Computer Play and the Internet
Technology is transforming our imagination and our culture. We have virtually instant access to anything known, thought, or felt and, consequently, powers that were earlier described as magical. The future of this magic compels us to learn a new language of mixed meanings, ambiguities, and confusion of tongues (Pesce, 2000). Computers, the Internet, video games, and electronic toys are the new electronic playgrounds for children, combining three forms of games: practice, symbolic, and rule governed. They are also the new information network, requiring a great deal of practice to gain mastery for advancement. They allow players to engage in the as-if quality of fantasy worlds. They present a set of rules that must be discovered and mastered to win the game. The convergence of these three forms of game playing sets video games apart from traditional toys, and this combination of features may help explain the appeal that video games hold for children (Kafai, 1998). Malone and Lepper (1987) identified fantasy, challenge, curiosity, and control as major features attracting children.
Issues about appropriateness of computers and video games for preschool children are passionately debated. There is little question that preschool children can use appropriate computer programs (Clements & Nastasi, 1992). The critical issues are how and to what extent they should use them and what role computer use will play in their lives.
When computers are used appropriately in the context of complementary resources, they can have positive effects on self-esteem (Clements, Nastasi, & Swaminathan, 1993), intelligence (Haugland, 1992), creativity (Haugland, 1992; Reimer, 1985), literacy (Fein, 1987), problem-solving skills (Clements, 1986), exploration (Escobedo, 1992), use of tools in playful ways (Henniger, 1994), and provision of microworlds for children’s learning (Baird & Silvern, 1990). Computers also hold possibilities for broadening imagination and skills, even for young children. Guided play is a valuable tool for sustaining the joy of childhood while building foundations for cognitive and social development (Singer & Singer, 2005).
Despite the evidence of positive results from computer access and use, the Alliance for Childhood (2000) published a critical analysis of computers in education, and called for a moratorium on further introduction of computers in early childhood and elementary education. It claimed that computers pose serious health problems for children including eyestrain, obesity, repetitive stress injuries, and possible physical, emotional, and intellectual damage. Additional side effects include taking time from play, physical activity, and bonding with adults. The Alliance position focuses on the need for children to develop imaginative thinking, critical skills, personal interactions with adults, and engaging their hearts, minds, bodies, and hands in personal interactions not commonly received in computer activities. Too much of their computer interaction is with inappropriate adult content, aggressive advertising, and trivial games.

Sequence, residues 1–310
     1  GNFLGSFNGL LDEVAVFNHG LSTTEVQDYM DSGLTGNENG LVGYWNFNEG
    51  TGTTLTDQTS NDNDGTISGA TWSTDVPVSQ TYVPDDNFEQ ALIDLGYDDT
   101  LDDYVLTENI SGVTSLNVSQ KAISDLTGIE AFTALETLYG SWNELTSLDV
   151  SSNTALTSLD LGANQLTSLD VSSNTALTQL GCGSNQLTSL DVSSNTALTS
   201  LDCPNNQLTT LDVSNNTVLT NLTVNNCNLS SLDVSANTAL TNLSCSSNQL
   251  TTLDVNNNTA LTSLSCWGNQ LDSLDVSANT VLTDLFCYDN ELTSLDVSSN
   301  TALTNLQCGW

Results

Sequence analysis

The David and Lucile Packard Foundation (2001), examined both sides of the issue and concluded that the growing use of computers raises both the promise of enriched learning and the risk of possible harm. Children in low socioeconomic area schools and homes generally have more limited access to equipment and fewer opportunities to use computers than more privileged children. A major problem in schools is the lack of computer training for teachers. They also warn against possible hampered social development, depression, loneliness, obesity related to inactivity, and repetitive motion injuries. They do not believe that sufficient research is available to predict the long-term effects on children’s social, physical, and cognitive development.
Technology is obviously a two-edged sword, offering both advantages and disadvantages (Ginsburg, 2001; Silvern, 1998). Computers can exert pressure on young children and detract from them valuable life experiences such as free play, art, music, and social interaction (Barnes & Hill, 1983; Brady & Hill, 1984; Elkind, 1981, 1985). Elkind warns that computers should not be allowed to replace traditional play activities, time for interaction with teachers, or give false impressions about children’s thinking abilities. Seiter (2005) argues that the Internet, allowing online chat and instant messaging, is an appallingly aggressive marketer to children and an educational boondoggle. In 2006, news reports from across the country detailed growing incidences of adult child molesters luring teenage children to sexual encounters via online chat rooms.
Haugland and Shade (1988), Dodge, Colker, and Heroman (2002), and Fischer and Gillespie (2003) offer guidelines for selecting computer programs that are congruent with the National
Association for the Education of Young Children’s (NAEYC) Developmentally Appropriate Practices (Bredekamp & Copple, 1997).
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